Sleep Apnea in Women: Know the Symptoms and How to Get a Diagnosis

April 3, 2023

Valerie Cacho MD

Are you waking up unrefreshed, fatigued, and feeling worn out all day? If so, your breathing pattern at night may be the culprit as you may be experiencing symptoms of sleep apnea, a common medical sleep disorder that affects both men and women. But did you know that sleep apnea in women is greatly under-recognized and diagnosed? Researchers discovered that >90% of women haven’t had the proper evaluation for this sleep disorder. Sleep apnea, or more formally known as obstructive sleep apnea (OSA) is a common reason women have poor quality sleep. Let’s dive in and discuss the symptoms and diagnostic tests for OSA in women. 

How to Recognize the Warning Signs for Sleep Apnea In Women

Sleep health is overlooked in the medical system and moreover in women. Symptoms of sleep apnea in women tend to be more subtle than in men. You don’t even need to have one of the most common symptoms of OSA, its namesake, observed breath holding during sleep aka apneas, to be diagnosed with this sleep disorder. Researchers have found that women under-report the classic symptoms of sleep apnea (snoring and gasping for air) out of shame for sounding “like a man.” Also women may not be aware of their breathing disturbances at night if they live alone or have a bed partner who is a deep sleeper. Be informed of the common symptoms of sleep apnea to take control of your sleep health and well-being:

  • Snoring
  • Gasping for air
  • Witnessed sleep apnea
  • Sleepiness during the daytime
  • Unrefreshed by sleep*
  • Morning headaches*
  • Mood disturbances*
  • Insomnia*
  • Fatigue*
  • Lack of energy*

*symptoms more frequently reported by women  

Of note, snoring is not a requirement for sleep apnea and if you snore it doesn’t mean you have sleep apnea. To learn more about snoring check out this video → Why Do Women Snore?

What Causes Obstructive Sleep Apnea (OSA)?

OSA occurs when the muscles of the upper airway, typically the tongue and soft palate relax during sleep to a point where there is decreased airflow. When the airflow is limited the brain can consciously or unconsciously activate your muscles to strengthen which can lead to a gasp or snort during sleep when your airway opens. However, once you fall back asleep and the muscles of your upper airway relax, this process repeats itself leaving you feeling tired and drained in the morning from your brain constantly being aroused to help you breathe better. 

Relaxation of the upper airway is made worse when you sleep on your back, drink alcohol prior to bedtime, or take medications such as: muscle relaxants, benzodiazepines, sleep or pain pills that affect the strength of your muscle tone which can lead to more disruptions in your breathing. 

Going through menopause can increase the risk of developing OSA 2-3x more than someone who is pre-menopausal because changes in hormones, specifically lowered levels of estrogen and progesterone, are associated with more relaxation of the upper airway muscles. Excess weight, especially around your neck, can be another factor that is associated with OSA.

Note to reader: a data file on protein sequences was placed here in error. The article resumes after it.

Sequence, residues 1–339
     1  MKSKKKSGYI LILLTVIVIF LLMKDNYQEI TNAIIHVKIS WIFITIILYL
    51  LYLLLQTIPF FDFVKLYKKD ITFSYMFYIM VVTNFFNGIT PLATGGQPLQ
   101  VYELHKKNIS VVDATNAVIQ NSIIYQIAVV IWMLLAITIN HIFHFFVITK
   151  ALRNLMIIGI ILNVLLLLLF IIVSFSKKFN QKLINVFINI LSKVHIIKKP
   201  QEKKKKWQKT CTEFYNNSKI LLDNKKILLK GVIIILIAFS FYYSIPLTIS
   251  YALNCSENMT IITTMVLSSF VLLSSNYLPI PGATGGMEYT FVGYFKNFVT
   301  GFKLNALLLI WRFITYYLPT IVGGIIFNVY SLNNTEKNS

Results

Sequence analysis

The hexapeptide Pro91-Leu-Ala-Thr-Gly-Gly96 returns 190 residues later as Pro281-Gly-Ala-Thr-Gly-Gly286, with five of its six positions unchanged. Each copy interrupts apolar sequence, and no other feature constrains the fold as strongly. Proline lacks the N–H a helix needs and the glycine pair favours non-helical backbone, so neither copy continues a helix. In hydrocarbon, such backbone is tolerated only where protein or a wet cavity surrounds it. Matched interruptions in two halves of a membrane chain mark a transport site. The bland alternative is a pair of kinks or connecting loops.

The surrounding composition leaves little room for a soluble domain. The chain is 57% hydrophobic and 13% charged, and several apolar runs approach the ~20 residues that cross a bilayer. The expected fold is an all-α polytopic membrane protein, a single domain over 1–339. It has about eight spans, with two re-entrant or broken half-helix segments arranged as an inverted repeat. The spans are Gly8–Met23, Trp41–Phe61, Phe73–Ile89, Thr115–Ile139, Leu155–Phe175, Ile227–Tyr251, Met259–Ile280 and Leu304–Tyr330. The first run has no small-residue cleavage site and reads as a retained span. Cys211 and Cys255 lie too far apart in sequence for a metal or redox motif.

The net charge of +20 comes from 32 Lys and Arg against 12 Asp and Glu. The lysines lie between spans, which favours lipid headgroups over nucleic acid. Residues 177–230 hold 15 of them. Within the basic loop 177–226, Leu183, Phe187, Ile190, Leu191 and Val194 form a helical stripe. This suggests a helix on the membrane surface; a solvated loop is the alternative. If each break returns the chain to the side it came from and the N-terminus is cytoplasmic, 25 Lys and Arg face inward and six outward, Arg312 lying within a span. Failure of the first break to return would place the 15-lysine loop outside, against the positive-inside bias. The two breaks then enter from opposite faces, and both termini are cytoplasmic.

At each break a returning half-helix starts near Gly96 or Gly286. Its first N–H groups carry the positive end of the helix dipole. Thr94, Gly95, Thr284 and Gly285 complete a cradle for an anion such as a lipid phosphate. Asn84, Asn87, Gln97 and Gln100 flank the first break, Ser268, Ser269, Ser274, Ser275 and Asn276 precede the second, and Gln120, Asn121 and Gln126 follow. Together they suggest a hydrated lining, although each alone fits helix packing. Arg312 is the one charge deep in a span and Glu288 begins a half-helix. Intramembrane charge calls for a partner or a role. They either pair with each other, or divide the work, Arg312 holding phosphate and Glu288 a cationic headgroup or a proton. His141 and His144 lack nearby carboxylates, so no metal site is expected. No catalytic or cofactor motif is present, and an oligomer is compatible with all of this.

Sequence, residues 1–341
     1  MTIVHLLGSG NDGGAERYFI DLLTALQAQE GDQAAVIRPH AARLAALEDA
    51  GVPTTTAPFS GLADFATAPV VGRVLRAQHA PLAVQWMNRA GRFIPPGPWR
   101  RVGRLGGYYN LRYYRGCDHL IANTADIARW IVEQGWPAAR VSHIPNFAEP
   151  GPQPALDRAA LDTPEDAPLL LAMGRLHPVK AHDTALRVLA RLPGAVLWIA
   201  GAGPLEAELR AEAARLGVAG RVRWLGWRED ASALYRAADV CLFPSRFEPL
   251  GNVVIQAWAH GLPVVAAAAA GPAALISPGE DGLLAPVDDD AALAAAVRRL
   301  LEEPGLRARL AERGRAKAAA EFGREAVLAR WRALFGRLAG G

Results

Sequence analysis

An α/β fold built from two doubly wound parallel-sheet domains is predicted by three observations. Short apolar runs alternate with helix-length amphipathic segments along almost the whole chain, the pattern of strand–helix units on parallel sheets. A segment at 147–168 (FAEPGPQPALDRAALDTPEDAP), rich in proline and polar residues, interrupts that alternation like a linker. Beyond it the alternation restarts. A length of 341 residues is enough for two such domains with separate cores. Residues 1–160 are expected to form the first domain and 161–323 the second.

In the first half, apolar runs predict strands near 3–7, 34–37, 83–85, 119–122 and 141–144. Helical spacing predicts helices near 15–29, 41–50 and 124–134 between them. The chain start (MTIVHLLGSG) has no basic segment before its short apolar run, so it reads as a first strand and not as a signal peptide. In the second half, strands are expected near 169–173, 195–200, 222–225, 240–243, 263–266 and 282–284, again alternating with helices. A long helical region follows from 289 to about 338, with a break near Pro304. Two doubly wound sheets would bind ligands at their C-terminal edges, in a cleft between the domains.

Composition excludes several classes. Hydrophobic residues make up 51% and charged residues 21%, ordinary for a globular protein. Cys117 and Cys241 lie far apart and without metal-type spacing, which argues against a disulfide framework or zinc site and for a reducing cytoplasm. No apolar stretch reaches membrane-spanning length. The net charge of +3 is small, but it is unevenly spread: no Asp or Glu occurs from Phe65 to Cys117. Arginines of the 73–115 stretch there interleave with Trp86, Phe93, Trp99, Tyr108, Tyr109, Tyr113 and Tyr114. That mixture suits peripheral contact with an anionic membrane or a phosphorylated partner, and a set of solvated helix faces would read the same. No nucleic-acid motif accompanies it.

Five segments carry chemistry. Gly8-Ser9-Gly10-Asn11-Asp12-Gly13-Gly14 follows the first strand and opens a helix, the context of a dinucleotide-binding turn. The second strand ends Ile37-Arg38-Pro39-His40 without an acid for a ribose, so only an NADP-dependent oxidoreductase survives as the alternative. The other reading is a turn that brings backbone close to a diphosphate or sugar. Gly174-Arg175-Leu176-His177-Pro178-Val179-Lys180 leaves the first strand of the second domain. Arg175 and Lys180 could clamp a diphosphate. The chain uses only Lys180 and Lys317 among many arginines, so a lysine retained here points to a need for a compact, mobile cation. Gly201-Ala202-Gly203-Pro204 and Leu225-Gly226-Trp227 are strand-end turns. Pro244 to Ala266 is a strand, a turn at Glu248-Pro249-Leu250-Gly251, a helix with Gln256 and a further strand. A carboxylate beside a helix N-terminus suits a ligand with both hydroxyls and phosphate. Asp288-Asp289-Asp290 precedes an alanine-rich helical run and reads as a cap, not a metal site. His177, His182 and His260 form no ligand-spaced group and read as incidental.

Don’t Ignore the Signs, How to Diagnose Sleep Apnea

With the advent of new diagnostic tools to measure airflow, lung movement, oxygen, and heart rate, sleep testing is easier than ever before. The following are two ways to diagnose OSA: 

  • In the comfort of your own home with a home sleep apnea test


  • Attended by a sleep technician in a laboratory for an overnight sleep study aka a polysomnogram

A sleep specialist can help guide you through which option is best for you. If you have classic signs of OSA and have difficulty sleeping in new environments a home sleep apnea test would serve you well. However if your symptoms of OSA are subtle and you aren’t sure if you snore and haven’t been told you stop breathing when asleep, an in-lab test may be advised as it is more accurate to detect your breathing patterns than a home sleep study. 

If you sleep alone or don’t know if you snore or have pauses in your breathing at night check out the following apps:

So why wait to improve your sleep quality?

If you are a woman who doesn’t feel recharged after a night of sleep it is time to visit the local sleep doctor to find out if you could have undiagnosed OSA. Don’t let this common sleep disorder keep you from having the energy and zest you deserve.

To find an accredited sleep center near you visit this directory from the American Academy of Sleep Medicine. 

Stay tuned for part 2 of this series where you’ll learn the various treatments available for OSA. 

If you’ve had a sleep study and OSA isn’t the reason for your exhaustion please check out this article, “Women Are Tired: 10 Medical Conditions Explain Why”

For more information about women’s sleep health and whole living please check out our other articles on Sign up for our newsletter and become a Sleephoria Insider, you’ll receive a weekly email and stay up to date on all our events and product releases.

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